Wednesday, August 29, 2012

Hypertheticals: 50 Questions for Insane Conversations

by DionysusPsyche

Let's do something different. Normally on IL, there are book, film, television, and video game reviews. They're enjoyable, and some of them may pique your interest more than others, some not at all. Perhaps this is your first time to the 'Loon, and you have no frame of reference (but I'm sure you've read a review or at least been given a recommendation).

No one has reviewed a game that isn't a video game on here before, and I'm pretty much quoting word for word what the creator of the blog told me when I mentioned I wanted to review this. There is good reason for it. You can explain Apples to Apples or Risk or (please no one do this) Monopoly, but it's difficult (especially when explaining Apples to Apples) with a game to persuade someone why they would or wouldn't enjoy it. With most games you only have some idea of how it's played, what with it being an interactive experience. It's highly subjective, and although one could argue that for one of the other mediums as well, one can more easily assess if they like the other entities reviewed here. You can say, "Well, since I generally dislike movies, chances are I won't watch this" or narrow it down based on genre, actors, script, and finally the blogger's own individual take on it. A game doesn't capture that type of assimilation as easily.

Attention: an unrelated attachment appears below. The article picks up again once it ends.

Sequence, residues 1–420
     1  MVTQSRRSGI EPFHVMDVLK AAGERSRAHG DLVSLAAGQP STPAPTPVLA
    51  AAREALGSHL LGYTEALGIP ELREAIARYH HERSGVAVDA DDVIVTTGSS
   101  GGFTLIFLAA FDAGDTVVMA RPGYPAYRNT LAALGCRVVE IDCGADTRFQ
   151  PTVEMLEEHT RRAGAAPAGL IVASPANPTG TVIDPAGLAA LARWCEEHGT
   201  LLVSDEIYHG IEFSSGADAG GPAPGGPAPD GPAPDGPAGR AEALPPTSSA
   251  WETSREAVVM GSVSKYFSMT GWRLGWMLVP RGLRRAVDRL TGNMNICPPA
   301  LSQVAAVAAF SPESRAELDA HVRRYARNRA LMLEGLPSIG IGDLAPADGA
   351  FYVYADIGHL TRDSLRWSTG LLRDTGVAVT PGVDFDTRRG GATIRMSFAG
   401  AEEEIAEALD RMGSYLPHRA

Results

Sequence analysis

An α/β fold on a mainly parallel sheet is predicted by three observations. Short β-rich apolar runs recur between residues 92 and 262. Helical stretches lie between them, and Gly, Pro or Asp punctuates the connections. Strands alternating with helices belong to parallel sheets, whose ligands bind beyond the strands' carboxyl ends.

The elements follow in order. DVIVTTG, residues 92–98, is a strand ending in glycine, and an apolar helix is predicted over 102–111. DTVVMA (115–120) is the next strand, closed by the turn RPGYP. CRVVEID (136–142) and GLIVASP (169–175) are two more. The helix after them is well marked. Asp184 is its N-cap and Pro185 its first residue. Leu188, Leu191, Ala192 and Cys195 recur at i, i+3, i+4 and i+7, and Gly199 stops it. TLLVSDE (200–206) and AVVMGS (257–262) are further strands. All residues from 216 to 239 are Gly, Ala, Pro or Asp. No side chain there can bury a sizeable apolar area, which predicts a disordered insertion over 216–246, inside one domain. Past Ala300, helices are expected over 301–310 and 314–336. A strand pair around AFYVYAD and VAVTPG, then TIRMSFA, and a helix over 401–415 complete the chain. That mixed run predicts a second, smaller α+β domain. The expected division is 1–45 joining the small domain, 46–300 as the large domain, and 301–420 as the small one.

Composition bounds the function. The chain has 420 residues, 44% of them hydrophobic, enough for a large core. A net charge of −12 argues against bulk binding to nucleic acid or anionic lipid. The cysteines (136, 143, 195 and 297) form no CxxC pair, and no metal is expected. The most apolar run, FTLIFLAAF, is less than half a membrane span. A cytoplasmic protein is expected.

It's not your typical card game. It's not a drinking game, it doesn't involve dice, and there are no winners or losers technically speaking (I'll elaborate on this later). You don't bump anyone off a board, in fact, there is no board. You're not bartering for resources, and you don't have to have a dealer if you don't want to (although it's most fun if everyone gets to choose a question). There's no set time, so you can play while waiting for a friend to arrive, a whole afternoon, or over Skype with your pen pal.

The creator of the game is author and pop culture essayist, Chuck Klosterman. The birth of this game was described in Klosterman's second work of non-fiction entitled Sex, Drugs, and Cocoa Puffs. In it, Klosterman introduces only some of the questions by labelling them, "the 23 questions I ask everybody I meet in order to decide if I can really love them."